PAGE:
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Understanding The Differences Between Wills And Trusts


Many people who are considering creating an estate plan have heard the terms “will” and “trust” before. Still, not everyone understands the differences between these two important components of an estate plan. While there are similarities between these two important legal documents, there are also important differences. Below, our St. Petersburg wills lawyer explains what these are.

Understanding Wills and Trusts

The last will and testament is the foundation of any other estate plan. Within a will the testator, the person drafting the will, outlines the beneficiaries who will receive their assets after their death, and how the property will be divided between the different beneficiaries. Wills are also often used by testators to name a personal representative who will administer the estate. After the testator passes away, the person who has the will must file it with the appropriate court. The court will then verify the validity of the will.

Trusts, on the other hand, work very differently. When a settlor creates a trust, they transfer the title of property to a trustee. The trustee then controls and oversees the property for the benefits of the people named within the trust, also known as beneficiaries. In some cases, a settlor may name themselves as the trustee, in which case they could continue controlling the assets within the trust during their lifetime while still allowing for easier distribution after their death.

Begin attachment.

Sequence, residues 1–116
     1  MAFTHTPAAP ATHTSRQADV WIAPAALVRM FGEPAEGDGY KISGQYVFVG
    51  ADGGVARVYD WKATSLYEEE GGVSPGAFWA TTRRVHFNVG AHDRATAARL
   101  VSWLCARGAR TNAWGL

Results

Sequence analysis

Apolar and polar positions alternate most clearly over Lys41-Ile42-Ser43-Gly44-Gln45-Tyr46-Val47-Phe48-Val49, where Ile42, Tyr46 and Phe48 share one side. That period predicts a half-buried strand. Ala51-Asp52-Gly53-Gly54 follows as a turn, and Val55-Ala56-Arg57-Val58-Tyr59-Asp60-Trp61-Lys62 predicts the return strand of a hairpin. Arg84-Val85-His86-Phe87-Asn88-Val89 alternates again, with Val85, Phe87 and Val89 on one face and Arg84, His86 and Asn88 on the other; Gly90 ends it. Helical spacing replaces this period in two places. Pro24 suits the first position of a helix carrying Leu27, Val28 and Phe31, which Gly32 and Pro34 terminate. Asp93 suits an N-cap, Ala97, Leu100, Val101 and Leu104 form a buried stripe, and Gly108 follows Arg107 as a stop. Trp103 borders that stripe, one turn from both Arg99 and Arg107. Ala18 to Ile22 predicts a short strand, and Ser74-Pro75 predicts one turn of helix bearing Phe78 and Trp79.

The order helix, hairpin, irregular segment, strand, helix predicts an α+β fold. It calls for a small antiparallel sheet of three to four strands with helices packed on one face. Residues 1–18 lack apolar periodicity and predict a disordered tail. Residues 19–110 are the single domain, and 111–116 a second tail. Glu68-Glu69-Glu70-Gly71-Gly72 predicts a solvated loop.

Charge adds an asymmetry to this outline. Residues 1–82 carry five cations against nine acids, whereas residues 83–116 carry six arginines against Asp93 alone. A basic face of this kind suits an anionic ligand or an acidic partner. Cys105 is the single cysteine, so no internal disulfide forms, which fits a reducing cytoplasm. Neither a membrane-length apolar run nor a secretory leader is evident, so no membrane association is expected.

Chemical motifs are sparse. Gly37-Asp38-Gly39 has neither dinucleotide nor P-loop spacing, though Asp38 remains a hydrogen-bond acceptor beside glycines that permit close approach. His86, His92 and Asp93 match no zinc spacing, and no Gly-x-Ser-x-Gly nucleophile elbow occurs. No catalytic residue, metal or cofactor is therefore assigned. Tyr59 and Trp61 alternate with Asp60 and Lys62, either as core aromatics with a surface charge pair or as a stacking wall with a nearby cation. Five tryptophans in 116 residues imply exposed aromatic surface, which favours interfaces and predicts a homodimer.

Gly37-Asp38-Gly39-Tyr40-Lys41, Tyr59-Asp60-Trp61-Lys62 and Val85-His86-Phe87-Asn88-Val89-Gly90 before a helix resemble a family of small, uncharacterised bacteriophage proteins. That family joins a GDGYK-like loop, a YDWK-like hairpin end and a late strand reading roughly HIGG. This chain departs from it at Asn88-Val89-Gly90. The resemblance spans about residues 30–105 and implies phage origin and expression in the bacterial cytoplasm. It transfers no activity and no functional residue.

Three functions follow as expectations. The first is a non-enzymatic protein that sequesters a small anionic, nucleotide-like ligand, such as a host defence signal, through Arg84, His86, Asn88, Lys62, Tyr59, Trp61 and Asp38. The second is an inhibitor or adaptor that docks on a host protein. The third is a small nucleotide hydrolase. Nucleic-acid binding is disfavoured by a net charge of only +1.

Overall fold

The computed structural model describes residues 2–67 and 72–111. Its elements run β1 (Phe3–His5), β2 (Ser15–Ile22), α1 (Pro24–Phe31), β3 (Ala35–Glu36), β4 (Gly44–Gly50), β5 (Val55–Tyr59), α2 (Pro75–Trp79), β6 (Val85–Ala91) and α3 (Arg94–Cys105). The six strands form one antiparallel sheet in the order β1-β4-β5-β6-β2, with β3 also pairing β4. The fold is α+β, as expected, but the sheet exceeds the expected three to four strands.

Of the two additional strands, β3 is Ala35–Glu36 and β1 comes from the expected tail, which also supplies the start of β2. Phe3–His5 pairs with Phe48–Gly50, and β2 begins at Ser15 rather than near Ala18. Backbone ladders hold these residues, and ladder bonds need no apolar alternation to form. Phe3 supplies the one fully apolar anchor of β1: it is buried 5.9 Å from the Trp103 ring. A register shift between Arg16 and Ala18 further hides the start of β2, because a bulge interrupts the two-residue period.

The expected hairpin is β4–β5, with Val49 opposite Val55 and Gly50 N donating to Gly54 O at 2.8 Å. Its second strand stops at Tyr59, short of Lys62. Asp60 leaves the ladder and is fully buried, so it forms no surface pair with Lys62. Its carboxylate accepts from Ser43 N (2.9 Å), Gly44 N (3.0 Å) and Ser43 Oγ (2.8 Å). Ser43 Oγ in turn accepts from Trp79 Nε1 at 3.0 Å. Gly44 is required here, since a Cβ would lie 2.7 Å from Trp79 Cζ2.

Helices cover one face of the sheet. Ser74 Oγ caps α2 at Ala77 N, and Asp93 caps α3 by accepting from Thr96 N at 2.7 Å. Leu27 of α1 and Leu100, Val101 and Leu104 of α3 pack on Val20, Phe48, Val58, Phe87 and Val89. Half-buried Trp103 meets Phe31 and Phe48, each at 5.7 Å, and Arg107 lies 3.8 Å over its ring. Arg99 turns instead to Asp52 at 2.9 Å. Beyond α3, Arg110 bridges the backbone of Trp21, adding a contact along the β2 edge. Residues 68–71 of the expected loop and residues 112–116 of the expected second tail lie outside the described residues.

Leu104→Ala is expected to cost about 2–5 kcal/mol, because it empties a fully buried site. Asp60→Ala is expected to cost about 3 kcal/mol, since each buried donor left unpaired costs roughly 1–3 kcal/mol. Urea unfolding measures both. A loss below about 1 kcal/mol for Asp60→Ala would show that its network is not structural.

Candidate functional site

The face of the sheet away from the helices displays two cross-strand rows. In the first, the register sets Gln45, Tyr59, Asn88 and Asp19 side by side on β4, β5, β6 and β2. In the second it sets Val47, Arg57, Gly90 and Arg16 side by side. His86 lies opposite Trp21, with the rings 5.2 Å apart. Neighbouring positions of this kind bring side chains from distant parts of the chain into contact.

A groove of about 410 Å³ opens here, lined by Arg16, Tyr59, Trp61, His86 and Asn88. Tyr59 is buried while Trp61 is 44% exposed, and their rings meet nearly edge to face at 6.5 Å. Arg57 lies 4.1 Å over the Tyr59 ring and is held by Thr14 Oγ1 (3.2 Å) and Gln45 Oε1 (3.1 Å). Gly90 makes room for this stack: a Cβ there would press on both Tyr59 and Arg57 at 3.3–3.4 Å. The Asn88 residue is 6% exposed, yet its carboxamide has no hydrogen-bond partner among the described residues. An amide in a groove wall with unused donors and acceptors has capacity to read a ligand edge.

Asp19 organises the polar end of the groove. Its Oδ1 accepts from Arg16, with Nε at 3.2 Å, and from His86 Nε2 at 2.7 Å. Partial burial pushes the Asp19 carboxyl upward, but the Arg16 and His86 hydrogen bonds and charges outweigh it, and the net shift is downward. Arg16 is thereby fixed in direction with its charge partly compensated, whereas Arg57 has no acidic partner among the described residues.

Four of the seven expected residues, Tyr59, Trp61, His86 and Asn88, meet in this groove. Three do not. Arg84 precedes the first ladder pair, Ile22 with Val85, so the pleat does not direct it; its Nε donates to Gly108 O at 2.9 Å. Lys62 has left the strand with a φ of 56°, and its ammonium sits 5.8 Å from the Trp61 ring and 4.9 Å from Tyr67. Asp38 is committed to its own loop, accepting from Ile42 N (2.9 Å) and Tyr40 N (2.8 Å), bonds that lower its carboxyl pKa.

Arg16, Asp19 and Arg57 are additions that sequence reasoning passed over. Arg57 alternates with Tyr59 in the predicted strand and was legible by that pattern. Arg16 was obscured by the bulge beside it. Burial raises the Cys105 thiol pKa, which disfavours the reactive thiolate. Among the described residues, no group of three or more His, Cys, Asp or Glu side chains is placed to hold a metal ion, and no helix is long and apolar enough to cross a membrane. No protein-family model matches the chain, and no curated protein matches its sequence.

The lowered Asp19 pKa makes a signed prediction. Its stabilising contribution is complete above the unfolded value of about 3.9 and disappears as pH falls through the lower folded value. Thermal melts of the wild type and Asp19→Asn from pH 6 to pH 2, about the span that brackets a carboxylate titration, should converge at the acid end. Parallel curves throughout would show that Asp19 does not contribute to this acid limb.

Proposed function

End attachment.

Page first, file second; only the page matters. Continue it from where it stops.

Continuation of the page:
What are the Differences Between Wills and Trusts?

A last will identifies any property that is solely in the decedent’s name and that is then subject to probate. A probate judge must approve the will before it is entered into probate. Property that is held in a trust, or that is held in joint tenancy with rights of survivorship is not subject to the probate process.

Once the will is filed with the court and a judge has confirmed its validity, the court will then consider whether the person named as personal representative qualifies. If so, the court will then follow the provisions outlined by the testator in the will and ensure that property is distributed according to the will. If assets have already been transferred to a trust, there is no need for the court to supervise the administration of the trust.

Lastly, wills pass through probate court and as such, they become public record. Trusts, on the other hand, are not part of the probate process and so, the provisions contained within them can remain confidential.

Our Wills Lawyer in St. Petersburg Can Help You Plan Your East

Estate plans are made up of many different components and it is essential to know which ones are important to include in yours. At Legacy Protection Lawyers, LLP, our experienced St. Petersburg wills lawyer can advise on the different aspects of your estate so you can protect your family’s future. Call us now at 727-471-5868 or reach out to us online to schedule a consultation and to learn more about your options.




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